Burn a little sage, commune with the family, its a vibe. Mia X, one of Newark’s most prolific poets, keeps Kwanzaa traditions fresh and powerful as she now becomes the keeper of the African-centered custom carried on during the winter holidays.
What is the tradition?
We celebrate Kwanzaa. Every Kwanzaa season we decorate the refrigerator. It serves as our main art exhibit during our feast. This year, the feast is at my house. But for the past 20-plus years, it’s been at my aunt’s house in Plainfield, New Jersey.
Margie Johnson with her aunt, Juanita Morrison, who introduced her to Kwanzaa celebrations in the 90s.
What do you do to carry out the tradition?
As far as decorating the refrigerator, I cut inspirational words and pictures from magazines and online to curate a special moment depending on the theme. This year I’m using pictures of eyes from our ancestors and quotes from elders about vision.
One of my favorites comes from Audre Lorde, “When I dare to be powerful, to use my strength in the service of my vision, then it becomes less and less important whether I am afraid.”
I post my goals, the children’s goals and art work about how they want to feel along with our family’s mission in the new year. The goal is to make the kitchen a cultural and spiritual reminder of what we are up to in the world.
To carry out the tradition of Kwanzaa, we put our hearts and souls into embodying what the principles represent and we live to honor our ancestors and ourselves as we lift each other up in celebration and continue to build our dreams.
When we host our Kwanzaa dinner, the kitchen engages everyone and it’s beautiful.
What do you cook?
I usually make a mini-Thanksgiving: a whole chicken with homemade cornbread stuffing; collard greens with smoked meat; mac and cheese;, yams, corn on the cob, potato salad and cake. This for dinner, along with lamb samosas for appetizers. Typical Kwanzaa is always potluck.
What do you drink?
I made a new tradition. Something I call, “Hibiscus Uptown,” which is hibiscus juice with iced tea and lemonade mixed.
What games do you play?
We play a gift swap, do short plays and make up songs about the principles.
What do you smoke?
Sage. We need more sage in the hood.
Who comes to gatherings?
How do you define family?
Family is the art you create with people you love. It’s eating and laughing and making up songs. It’s dancing and looking silly and being together remembering who you’ve been all along.
What does your family look like?
My family is more of a vibe. I rendezvous with people who knew my mother and who my mother loved because her love lives through me and the people she touched. I create with people who are just as passionate about our children’s education and future. I break bread with visionaries, artists, creators, leaders of the new school and everybody I’m on the journey with at this time . . . My hairdresser, my homegirls, friends from near and far.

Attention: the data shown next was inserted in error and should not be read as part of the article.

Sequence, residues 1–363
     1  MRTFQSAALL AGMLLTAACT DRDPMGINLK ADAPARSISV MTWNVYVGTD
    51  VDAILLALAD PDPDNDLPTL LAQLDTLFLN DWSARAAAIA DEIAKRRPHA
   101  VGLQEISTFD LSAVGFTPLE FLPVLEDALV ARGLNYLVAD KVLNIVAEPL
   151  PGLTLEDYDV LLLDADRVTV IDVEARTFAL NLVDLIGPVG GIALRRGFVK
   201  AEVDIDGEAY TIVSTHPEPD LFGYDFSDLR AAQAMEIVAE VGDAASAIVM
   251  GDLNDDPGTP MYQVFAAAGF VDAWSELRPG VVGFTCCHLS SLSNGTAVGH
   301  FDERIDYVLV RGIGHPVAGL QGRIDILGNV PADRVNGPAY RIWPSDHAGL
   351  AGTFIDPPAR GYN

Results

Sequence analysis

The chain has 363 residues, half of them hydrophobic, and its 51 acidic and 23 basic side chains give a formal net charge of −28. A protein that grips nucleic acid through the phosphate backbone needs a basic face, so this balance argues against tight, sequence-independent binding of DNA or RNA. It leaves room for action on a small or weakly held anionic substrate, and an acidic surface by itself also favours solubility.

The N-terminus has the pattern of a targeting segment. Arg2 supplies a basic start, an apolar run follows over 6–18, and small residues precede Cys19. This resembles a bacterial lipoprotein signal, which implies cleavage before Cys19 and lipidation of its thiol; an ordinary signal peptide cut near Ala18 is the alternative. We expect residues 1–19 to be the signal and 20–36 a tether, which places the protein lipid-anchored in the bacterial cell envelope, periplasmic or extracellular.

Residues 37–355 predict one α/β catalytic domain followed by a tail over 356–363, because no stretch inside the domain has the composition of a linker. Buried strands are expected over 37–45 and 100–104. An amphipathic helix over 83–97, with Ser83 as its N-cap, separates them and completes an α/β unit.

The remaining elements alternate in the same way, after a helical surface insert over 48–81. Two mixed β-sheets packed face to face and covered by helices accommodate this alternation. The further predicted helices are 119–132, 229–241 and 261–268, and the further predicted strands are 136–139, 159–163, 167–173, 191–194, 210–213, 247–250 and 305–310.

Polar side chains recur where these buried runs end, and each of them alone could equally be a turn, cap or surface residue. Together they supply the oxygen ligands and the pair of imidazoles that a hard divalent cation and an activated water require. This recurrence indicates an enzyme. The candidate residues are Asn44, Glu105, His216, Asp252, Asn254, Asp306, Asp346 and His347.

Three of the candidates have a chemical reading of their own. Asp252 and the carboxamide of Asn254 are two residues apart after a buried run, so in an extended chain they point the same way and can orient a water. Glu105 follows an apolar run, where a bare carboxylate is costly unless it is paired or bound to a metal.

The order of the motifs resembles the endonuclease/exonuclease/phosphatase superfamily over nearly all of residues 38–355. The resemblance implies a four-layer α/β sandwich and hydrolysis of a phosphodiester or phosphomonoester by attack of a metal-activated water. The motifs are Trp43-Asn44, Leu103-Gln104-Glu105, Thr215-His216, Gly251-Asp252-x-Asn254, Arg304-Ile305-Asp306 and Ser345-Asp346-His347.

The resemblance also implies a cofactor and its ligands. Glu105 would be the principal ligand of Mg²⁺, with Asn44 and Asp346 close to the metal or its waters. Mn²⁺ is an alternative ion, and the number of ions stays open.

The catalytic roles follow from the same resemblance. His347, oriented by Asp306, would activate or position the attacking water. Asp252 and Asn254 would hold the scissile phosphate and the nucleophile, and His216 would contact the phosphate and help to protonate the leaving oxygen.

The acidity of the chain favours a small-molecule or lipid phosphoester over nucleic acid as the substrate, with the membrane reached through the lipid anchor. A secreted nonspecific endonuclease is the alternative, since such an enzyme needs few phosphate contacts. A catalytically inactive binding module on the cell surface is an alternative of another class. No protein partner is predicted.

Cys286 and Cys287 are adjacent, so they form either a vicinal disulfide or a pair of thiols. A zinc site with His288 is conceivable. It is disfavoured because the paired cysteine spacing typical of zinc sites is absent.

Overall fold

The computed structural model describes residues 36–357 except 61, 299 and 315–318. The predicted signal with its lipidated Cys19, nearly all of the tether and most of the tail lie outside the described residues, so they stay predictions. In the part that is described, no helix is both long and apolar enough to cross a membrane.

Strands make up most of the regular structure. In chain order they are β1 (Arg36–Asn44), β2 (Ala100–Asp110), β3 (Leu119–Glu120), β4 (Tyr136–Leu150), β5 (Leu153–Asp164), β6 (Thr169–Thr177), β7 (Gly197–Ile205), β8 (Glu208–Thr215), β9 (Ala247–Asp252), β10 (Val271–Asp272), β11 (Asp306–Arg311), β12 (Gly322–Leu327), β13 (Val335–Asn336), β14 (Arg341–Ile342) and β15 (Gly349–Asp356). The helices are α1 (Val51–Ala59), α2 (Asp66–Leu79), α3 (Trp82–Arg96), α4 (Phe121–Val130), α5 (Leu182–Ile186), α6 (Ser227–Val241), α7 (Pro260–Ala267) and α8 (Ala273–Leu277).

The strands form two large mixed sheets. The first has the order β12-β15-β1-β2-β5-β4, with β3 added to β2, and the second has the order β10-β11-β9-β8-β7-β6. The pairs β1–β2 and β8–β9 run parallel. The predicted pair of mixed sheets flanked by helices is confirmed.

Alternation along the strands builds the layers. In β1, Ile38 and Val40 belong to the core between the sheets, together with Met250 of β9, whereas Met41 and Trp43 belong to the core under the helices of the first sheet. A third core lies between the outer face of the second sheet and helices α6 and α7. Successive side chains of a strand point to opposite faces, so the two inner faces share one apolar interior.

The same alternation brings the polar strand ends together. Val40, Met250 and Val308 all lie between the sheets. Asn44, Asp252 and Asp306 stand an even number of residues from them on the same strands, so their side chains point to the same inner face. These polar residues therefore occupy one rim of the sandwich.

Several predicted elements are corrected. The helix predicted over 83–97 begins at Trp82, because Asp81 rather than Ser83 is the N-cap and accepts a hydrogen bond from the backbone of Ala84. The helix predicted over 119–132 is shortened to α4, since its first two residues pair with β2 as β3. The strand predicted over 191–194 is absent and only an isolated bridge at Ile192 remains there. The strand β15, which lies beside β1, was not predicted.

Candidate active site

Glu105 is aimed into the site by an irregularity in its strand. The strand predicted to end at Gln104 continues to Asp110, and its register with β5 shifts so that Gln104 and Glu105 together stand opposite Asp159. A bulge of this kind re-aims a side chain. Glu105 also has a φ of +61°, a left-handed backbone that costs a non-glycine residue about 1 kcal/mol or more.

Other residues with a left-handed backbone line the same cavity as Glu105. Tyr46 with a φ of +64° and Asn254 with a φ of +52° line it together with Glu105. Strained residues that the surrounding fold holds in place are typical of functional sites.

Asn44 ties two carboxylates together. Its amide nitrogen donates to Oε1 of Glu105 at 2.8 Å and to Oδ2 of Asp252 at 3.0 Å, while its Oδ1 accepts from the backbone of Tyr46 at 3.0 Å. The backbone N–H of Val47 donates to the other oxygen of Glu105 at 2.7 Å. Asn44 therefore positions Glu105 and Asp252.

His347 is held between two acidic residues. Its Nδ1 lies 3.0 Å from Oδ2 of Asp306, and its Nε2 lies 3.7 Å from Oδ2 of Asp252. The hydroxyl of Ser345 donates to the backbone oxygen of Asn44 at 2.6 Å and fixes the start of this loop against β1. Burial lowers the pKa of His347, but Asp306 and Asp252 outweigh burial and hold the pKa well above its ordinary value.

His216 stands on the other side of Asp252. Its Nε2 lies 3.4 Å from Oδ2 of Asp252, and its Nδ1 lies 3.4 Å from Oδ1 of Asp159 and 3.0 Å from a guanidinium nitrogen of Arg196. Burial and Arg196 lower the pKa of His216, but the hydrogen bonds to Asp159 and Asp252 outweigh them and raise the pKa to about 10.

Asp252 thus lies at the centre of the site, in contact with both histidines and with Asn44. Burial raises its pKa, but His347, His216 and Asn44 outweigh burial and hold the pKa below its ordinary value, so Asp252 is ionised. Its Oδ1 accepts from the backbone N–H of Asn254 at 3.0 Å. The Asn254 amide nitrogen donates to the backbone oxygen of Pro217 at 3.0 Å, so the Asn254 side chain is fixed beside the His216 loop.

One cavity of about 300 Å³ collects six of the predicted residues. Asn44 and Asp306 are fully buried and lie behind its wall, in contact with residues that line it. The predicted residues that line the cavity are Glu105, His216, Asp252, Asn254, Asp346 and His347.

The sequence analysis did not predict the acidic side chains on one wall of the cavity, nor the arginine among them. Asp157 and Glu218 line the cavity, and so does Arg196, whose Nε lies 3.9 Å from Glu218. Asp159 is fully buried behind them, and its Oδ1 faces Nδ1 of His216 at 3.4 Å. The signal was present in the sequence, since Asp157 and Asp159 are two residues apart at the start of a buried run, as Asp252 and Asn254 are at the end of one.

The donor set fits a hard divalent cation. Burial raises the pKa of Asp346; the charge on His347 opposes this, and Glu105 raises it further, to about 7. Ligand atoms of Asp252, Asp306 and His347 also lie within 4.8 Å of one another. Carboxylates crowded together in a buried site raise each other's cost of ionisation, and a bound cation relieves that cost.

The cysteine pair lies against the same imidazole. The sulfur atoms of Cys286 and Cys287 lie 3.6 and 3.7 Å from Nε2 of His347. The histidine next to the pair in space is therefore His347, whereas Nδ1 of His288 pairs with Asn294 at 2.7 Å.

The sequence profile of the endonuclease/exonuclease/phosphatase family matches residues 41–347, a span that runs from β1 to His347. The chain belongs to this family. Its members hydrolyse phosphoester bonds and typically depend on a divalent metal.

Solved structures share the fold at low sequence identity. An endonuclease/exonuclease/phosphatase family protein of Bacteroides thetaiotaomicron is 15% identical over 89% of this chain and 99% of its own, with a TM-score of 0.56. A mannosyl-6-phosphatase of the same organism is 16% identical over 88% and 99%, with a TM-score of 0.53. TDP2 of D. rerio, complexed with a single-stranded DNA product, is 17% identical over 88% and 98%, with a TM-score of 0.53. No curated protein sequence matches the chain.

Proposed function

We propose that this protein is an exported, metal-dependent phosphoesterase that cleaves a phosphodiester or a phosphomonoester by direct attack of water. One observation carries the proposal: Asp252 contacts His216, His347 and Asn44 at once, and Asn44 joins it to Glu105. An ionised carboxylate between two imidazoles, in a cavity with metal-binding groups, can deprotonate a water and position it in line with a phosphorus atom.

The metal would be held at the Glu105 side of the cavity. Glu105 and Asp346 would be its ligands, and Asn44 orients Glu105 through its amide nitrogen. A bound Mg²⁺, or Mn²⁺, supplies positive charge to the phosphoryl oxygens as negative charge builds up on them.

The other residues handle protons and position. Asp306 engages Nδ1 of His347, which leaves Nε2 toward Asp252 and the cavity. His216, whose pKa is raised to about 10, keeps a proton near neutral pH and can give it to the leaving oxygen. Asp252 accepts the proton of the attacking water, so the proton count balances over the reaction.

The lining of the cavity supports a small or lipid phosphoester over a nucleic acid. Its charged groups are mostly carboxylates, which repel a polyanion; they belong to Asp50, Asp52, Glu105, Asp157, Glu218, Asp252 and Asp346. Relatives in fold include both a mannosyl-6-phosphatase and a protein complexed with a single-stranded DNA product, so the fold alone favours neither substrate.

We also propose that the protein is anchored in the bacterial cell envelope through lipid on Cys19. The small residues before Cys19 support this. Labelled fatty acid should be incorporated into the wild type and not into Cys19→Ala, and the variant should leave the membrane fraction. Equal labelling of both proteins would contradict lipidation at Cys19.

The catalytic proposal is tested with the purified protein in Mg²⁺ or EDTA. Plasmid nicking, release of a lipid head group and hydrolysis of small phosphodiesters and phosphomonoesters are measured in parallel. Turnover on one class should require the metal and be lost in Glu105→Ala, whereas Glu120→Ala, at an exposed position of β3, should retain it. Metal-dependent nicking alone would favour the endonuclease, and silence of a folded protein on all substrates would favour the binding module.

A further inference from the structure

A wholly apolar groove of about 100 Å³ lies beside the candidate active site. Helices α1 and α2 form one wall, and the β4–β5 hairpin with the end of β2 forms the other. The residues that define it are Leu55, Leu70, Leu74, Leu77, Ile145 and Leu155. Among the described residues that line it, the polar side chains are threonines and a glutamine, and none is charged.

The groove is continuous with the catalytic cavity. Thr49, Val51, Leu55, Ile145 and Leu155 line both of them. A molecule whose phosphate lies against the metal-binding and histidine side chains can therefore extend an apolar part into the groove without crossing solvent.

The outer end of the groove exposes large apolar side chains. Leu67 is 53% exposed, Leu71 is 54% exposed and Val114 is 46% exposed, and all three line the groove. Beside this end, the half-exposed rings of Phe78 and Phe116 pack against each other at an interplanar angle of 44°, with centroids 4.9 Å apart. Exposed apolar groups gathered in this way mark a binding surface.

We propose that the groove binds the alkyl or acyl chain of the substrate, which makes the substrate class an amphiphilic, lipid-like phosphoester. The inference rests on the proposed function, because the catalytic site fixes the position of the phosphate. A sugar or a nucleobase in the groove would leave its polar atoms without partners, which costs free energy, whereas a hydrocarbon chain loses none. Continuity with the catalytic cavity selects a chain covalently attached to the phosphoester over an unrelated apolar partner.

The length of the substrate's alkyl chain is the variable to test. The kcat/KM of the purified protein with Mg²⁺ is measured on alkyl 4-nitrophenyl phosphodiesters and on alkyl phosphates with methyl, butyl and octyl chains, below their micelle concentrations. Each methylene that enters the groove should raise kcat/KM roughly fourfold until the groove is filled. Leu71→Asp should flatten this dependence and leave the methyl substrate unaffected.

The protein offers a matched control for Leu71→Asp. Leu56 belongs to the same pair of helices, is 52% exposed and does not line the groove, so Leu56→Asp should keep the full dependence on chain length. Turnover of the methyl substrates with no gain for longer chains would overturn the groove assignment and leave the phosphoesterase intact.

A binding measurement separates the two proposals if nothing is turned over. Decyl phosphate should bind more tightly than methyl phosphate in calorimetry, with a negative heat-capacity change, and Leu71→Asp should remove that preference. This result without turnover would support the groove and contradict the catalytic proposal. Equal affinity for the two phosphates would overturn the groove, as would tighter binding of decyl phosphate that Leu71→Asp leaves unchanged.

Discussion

Who is considered the elder or a respected person?
My Nana, Juanita “Peaches” Morrison* is 93-years-old. She took me to my first Kwanzaa over 20 years ago. She made sure that I had some African print to tie my hair up in. Then she would spray me with perfume and make sure I had a gift for the gift swap.
When it was time to perform, she always encouraged me to read one of my poems. Kwanzaa was a time for us to show our talents. I love this woman for everything she always knew we needed.
I love being a part of a cultural family. She sowed seeds and we gon’ eat forever. Thank you Nanny.
Happy Kwanzaa everybody! Cheers to a beautiful vision for 2020 and beyond. Decorate your fridges!!!!
*Mia X informed Ark Republic that Aunt Peaches passed last week. She will be buried during Kwanzaa 2019. Life does come full circle
Ark Republic is ending the year with a series of mixed-media stories of hope, empowerment, leadership, courage, brilliance family and affirmation. We want to enter into the New Year with a community collaboration called, “The Light Series.”
The Light Series is a month-long exploration of all things light and love. So, we invite you to walk with us. Even, we ask that you participate in highlighting those in your community who need some shine, or even yourself, your business or your superpower.
Our first week, December 1 to December 7, we will feature stories of innovators in our communities. Next, from December 8 to December 15, we share stories of inspiration from our entrepreneurs. Afterwards, from December 16 to December 25, we explore spiritual, religious and family traditions, as well as, winter rituals. Finally, from December 26 to January 1, we will end the series with stories of affirmation and forward movement in this next cycle, 2020.
If you would like to submit a personal essay, article, video, poem/spoken word or other media presentation of your work, just provide basic information and answer at least five of the questions. Once finished, send your answers and a high resolution picture(s) to the following: firstname.lastname@example.org.
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